Sadler Stands Alone
Gay students and staff will not receive the same special protections afforded people based on race and gender, by action Monday night of the District 56 Board of Trustees.
Board member Dr. Patsy Sadler stood alone in her support for adding the words “sexual orientation” to Section J policies for student discipline and supervision. The board rejected her motion 1-6.
That means Section J remains as is, with the standard protections for race, gender and other classifications of people, and LGBTQIA students will not be included. The anti-discrimination clauses are in place for staff as well.
“The logistics are not there to add that verbiage – the consequences are unknown,” Board Chairman Jim Barton said.
Sadler asked that the district outlaw discrimination on the same basis as a statement by the Allendale School District – on the basis of sexual orientation, height, weight and socio-economic class. No one on the board, except Sadler, wanted to do that.
There is no federal or state law that requires a public entity to add “sexual orientation” to its non-discrimination policy. Still, 4 school districts in South Carolina have chosen to do so.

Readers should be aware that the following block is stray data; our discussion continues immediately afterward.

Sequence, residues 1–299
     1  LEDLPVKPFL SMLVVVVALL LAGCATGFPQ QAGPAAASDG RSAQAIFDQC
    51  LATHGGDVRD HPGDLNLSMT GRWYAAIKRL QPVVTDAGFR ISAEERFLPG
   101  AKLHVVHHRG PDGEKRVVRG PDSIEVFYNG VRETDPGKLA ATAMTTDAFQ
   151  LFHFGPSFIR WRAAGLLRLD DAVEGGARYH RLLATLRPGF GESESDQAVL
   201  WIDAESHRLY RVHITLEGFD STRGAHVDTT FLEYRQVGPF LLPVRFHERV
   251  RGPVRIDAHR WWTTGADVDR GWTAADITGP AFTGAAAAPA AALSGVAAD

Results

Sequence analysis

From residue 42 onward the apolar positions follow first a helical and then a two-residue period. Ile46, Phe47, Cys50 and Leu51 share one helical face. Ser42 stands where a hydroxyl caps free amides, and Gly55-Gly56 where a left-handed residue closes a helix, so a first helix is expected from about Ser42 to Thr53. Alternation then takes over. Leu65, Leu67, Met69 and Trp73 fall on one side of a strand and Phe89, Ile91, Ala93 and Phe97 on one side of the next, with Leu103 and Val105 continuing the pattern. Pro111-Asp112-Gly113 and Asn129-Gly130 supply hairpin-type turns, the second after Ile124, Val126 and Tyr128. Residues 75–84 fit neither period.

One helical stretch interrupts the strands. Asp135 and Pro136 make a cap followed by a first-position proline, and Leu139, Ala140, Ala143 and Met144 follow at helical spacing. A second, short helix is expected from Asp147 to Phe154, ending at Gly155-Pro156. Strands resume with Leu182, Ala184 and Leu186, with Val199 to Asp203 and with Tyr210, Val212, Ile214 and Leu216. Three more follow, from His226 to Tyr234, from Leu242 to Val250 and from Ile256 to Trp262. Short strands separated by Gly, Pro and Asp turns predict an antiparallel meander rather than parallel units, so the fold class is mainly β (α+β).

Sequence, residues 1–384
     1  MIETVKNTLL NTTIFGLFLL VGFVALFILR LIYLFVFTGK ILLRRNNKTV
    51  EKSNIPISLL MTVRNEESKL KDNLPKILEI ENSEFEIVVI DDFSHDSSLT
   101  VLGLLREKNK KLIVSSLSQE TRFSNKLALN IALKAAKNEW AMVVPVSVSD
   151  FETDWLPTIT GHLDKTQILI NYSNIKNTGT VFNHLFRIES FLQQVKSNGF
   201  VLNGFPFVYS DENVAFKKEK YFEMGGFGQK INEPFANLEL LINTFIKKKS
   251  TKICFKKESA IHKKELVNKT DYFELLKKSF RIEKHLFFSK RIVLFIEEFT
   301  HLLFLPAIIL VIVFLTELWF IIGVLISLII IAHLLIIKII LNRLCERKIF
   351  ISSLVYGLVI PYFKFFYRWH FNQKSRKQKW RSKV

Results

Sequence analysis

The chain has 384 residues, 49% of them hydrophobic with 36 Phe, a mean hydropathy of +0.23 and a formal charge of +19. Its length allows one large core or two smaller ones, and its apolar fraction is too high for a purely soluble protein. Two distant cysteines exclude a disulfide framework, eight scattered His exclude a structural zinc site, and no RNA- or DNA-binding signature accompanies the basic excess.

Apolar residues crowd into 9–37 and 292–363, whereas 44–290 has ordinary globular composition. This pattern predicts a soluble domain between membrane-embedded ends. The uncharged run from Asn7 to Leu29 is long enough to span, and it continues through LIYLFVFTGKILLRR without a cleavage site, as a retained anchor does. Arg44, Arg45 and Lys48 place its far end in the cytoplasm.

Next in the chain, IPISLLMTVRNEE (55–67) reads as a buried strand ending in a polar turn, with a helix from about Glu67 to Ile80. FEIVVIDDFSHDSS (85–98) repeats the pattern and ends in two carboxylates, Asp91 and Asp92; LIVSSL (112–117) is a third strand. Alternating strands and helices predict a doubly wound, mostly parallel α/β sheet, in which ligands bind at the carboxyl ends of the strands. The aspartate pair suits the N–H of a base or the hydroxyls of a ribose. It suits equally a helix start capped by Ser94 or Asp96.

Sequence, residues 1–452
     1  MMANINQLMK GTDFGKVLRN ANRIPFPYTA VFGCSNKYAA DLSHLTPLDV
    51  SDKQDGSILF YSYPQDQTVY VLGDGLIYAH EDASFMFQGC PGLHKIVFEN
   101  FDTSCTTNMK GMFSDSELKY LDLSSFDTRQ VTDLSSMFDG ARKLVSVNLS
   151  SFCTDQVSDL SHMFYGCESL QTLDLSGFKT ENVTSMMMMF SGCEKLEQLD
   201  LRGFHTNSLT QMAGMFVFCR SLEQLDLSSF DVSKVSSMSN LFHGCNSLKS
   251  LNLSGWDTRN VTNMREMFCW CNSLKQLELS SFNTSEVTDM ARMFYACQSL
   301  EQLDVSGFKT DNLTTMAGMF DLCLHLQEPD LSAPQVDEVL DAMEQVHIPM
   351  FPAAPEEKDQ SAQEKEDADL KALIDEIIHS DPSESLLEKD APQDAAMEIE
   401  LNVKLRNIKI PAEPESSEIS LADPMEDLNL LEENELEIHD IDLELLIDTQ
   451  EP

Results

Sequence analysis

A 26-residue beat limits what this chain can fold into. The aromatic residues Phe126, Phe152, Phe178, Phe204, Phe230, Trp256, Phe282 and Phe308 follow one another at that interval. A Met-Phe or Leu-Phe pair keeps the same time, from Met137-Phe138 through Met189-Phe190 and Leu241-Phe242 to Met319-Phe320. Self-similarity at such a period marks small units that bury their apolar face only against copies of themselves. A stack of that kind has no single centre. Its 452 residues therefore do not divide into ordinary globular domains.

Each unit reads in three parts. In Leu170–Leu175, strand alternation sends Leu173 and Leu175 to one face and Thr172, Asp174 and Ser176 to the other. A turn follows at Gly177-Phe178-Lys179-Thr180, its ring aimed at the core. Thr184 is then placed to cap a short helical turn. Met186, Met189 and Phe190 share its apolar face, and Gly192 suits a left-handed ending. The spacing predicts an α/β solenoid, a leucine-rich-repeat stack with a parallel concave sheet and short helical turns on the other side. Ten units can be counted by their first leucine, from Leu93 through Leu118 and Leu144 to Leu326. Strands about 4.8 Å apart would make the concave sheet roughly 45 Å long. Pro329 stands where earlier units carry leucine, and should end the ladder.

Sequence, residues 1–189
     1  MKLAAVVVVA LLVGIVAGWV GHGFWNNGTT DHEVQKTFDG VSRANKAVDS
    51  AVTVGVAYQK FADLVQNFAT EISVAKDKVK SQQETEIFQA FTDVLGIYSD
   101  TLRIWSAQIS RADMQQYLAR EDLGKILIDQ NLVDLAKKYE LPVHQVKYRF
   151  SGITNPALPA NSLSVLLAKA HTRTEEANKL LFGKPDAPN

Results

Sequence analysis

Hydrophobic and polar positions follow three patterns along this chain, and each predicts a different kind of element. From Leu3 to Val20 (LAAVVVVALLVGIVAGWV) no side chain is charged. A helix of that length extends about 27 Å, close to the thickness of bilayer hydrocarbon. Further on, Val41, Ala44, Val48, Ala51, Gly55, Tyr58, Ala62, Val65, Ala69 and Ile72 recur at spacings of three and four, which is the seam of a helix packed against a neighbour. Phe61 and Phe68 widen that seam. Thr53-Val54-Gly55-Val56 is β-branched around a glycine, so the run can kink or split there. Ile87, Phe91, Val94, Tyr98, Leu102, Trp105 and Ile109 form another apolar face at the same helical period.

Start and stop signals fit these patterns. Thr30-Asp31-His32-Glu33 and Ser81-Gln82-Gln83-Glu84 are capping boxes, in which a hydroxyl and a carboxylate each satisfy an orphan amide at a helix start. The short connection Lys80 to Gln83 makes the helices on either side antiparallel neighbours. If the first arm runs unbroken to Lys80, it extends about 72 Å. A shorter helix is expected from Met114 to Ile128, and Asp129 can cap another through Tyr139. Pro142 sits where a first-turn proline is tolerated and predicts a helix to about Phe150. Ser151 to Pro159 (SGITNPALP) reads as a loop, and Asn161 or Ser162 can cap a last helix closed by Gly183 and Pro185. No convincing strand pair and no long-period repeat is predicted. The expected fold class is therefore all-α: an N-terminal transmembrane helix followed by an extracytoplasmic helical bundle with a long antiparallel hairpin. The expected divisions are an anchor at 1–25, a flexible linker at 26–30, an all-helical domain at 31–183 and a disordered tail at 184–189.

The board had an attorney standing by to address questions about the Section J policies, which have been under review for many months, but did not call for legal advice. Sadler said gay students are more susceptible to being bullied than straight students, and that could be a contributing factor to the rise in suicides.
She said the CDC (Centers for Disease Control) has classified suicide as a public health crisis.
“Students are at risk for suicide,” Sadler said. In previous action, the board voted 4-3 TO INCLUDE “sexual orientation” in its non-discrimination clause. Board members in opposition said doing so would open up girls’ bathrooms to boys who say they identify as girls, and the action should not be taken until the state government takes similar action (which it has not done).
Sadler said the bathroom issue would have to be taken up on a case-by-case basis. What’s more important, she said, is that students and staff know that bullying someone who is gay is unacceptable behavior in School District 56.
‘We need to make our expectations absolute clear,” Sadler said.
“There is no law that requires it (yet) 4 districts have added it,” she said of equal protection under the law provisions for LGBTQIA students.
District 56 policies require two readings and approvals to become final – the Section J policies as rewritten passed first on a 4-3 vote and failed a second reading on a 1-6 vote. There is no tie-breaker vote.